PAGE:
All of which is to say, I won’t be predicting a winner at any level of this competition because it is way too hard to predict. But the table is set for some truly intriguing matchups.
- New England Revolution vs. Sporting Kansas City
- Seattle Sounders vs. Portland Timbers
- Houston Dynamo vs. New York Red Bulls
- Los Angeles Galaxy vs. Real Salt Lake
Because it has more twists than an episode of Scandal. And as is the case with that show, the twists in the MLS Playoff race have me confused.
Seattle Sounders slumped to their third straight loss, going down 1-0 to Portland Timbers. With the win over their archrivals, The Timbers are first in the West and challenging for the Supporters Shield.
Also, while I wasn’t paying attention, Chicago Fire decided to mount a playoff challenge. And New England Revolution still have a chance to get into the playoffs.
On a reassuring note, Toronto, DC and Chivas are still terrible. Whew!
Moments after posting about my frustrations with the MLS Playoffs, I checked the scores of this week’s fixtures and saw that the Seattle Sounders – the league’s in-form team just weeks ago – lost 4-1 to the Vancouver Whitecaps. Favorites for the Supporters Shield through the end of the summer, the Sounders have given up a total of 9 goals in their last two games, while scoring only two.
This change of fortunes reminded me of something I actually do like about the MLS playoff push: its unpredictability. In contrast to the sometimes numbing predictability of the European leagues (the champions of Europe’s top 4 divisions last season were decided weeks before the season ended in May), the run-in for MLS’ playoffs is whiplash-inducing. And it’s not just a one-season phenomenon either. The by-design parity of the league means that a team can change its luck within the space of just a few games.
That can be fun for both neutrals and supporters of particular team.
Did your team start the season terribly? Fear not: they could still make a late run to the playoffs? And if your team barely made it into the playoffs, there’s no reason to lament, for they might still end up winning MLS Cup when all is said and done.
I still have issues with the structure of the playoffs, which doesn’t really reward the teams that have been consistent throughout the regular season, but it was nice to get a reminder that the MLS playoff race has its own particular charms to offer
I am not ashamed to admit that I don’t always understand Major League Soccer’s (MLS) byzantine rules surrounding which teams get into the playoffs. I get that 10 teams – 5 each from the Eastern and Western conferences – qualify for the knockout tournament that is the road to MLS Cup, and…that’s pretty much where my understanding ends. This isn’t entirely my fault, as MLS seems to change the playoff entrance rules fairly frequently.
As a fairly new fan of soccer and MLS, the marriage of American sports’ playoff tradition with the beautiful game took some getting used to. I spent the early months of my soccer fandom following the European game, where league titles are decided by end-of-season point totals. When I started following MLS, the idea of deciding the league champion via playoffs seemed odd – even though I’d grown up surrounded by American sports’ playoff driven culture.
And as previously mentioned, it didn’t help that MLS was in the midst of changing the rules of the playoffs.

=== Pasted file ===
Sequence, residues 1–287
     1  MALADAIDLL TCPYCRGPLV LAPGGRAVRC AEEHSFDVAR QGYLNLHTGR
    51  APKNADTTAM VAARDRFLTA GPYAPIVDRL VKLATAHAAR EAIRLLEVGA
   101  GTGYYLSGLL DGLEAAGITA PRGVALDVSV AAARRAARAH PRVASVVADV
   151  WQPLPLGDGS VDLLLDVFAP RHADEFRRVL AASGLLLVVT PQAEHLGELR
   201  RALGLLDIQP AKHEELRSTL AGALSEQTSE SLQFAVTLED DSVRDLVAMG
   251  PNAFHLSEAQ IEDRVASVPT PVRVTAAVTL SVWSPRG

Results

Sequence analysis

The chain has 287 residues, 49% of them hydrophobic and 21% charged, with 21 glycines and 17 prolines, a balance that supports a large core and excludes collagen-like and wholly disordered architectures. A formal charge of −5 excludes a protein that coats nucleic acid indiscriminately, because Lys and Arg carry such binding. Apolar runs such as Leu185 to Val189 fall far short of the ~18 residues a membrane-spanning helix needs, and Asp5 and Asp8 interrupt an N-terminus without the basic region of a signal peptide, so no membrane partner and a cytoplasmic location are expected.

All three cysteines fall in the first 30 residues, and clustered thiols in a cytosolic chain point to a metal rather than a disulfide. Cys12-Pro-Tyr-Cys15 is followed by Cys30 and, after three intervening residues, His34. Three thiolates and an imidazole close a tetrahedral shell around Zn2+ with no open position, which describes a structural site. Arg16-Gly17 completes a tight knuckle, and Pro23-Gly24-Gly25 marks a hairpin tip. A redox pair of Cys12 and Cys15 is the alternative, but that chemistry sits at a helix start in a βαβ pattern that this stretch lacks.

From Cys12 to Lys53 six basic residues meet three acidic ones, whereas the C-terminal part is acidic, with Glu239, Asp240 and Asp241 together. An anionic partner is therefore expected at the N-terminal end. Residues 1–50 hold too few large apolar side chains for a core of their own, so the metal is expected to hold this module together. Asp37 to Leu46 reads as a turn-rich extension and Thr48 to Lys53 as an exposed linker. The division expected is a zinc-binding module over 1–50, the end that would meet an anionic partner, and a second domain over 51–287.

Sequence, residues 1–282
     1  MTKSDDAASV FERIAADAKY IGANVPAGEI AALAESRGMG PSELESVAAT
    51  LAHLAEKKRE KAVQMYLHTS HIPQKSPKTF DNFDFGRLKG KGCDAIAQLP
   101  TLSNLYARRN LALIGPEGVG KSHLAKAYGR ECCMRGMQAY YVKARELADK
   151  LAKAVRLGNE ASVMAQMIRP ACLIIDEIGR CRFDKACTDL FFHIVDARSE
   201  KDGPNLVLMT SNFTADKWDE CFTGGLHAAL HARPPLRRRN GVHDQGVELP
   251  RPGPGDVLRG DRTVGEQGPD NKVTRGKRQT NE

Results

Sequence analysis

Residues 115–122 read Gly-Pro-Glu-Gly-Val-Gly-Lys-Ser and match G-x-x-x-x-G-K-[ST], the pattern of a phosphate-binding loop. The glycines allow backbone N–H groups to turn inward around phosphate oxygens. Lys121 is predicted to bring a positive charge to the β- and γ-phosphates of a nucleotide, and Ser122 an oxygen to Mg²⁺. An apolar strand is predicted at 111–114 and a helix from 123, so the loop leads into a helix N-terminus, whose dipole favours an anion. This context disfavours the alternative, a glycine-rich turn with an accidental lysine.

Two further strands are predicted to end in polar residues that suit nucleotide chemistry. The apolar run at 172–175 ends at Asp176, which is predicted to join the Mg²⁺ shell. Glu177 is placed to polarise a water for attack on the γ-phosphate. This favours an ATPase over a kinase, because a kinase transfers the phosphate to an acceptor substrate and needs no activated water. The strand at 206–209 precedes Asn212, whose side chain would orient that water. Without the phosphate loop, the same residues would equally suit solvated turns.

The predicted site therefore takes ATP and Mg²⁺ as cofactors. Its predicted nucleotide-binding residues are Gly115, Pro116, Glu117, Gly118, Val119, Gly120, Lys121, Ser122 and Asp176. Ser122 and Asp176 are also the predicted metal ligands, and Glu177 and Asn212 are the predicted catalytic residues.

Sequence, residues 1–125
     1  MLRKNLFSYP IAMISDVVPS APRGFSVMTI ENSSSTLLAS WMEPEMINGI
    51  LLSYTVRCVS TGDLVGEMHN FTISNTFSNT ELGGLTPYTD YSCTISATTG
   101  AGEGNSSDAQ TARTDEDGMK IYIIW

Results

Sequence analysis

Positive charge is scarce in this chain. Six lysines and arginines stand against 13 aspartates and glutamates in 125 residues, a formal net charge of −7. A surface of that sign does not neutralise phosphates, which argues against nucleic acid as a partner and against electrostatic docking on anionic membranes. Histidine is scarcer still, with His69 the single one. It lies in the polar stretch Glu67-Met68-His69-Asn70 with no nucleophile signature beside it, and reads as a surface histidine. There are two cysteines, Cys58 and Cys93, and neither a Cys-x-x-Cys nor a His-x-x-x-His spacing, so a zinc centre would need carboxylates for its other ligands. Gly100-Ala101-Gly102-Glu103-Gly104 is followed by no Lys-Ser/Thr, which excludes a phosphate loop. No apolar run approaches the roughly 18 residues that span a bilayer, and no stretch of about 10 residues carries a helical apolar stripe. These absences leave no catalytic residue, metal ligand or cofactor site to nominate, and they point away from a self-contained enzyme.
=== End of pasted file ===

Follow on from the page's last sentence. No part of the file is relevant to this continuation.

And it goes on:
With that said, a part of me – I guess the part raised on NBA and Major League Baseball playoffs – embraced the American-ness of playoff soccer. Here was a good way to put an American stamp on the world’s most popular game, one that was far less obnoxious than some of the other ways MLS had tried to stamp “Made in the USA” on its growing but still young game.
Yet each year, when the playoffs roll around, I find myself feeling frustrated. I think it’s mostly because oftentimes, the team with the best regular season record rarely ends up in the title deciding game (see 2012 San Jose Earthquakes). Yes, the Supporters Shield winner gets a place in CONCACAF Champions League and the bragging rights of being Shield winners. But the fact that that’s all a team can achieve upon posting the best regular-season record makes the season seem meaningless.
There’s also the fact that I genuinely don’t understand how these playoff work – even after reading the league’s own website, the MLS Playoffs Wikipedia page and multiple blog posts on the subject.
I’m not sure what the solution is – or if having playoffs for MLS is even really a problem in need so solving (For various reasons, some, like this writer, think it is).
In the past, it’s been suggested that MLS move to a European model – i.e., allowing the end-of-season point total to determine the league champion – while still keeping MLS Cup as a separate competition similar to England’s League Cup (to go along with the U.S. Open Cup, our version of England’s legendary FA Cup).
That sounds like a plausible alternative, but I am not sure how it would work logistically. Would this mean going to a single league table (as is the custom in most of the world’s domestic leagues), and would that once again open up the promotion/regulation argument?
Not sure about the answers to any of these questions.
In any event, with the season winding down, the playoffs will soon be upon us. One team – the New York Red Bulls – has already qualified. More teams to follow in the coming weeks, but between now and whenever the playoffs begin, I can’t say I’ll have a better grasp of how they all got there.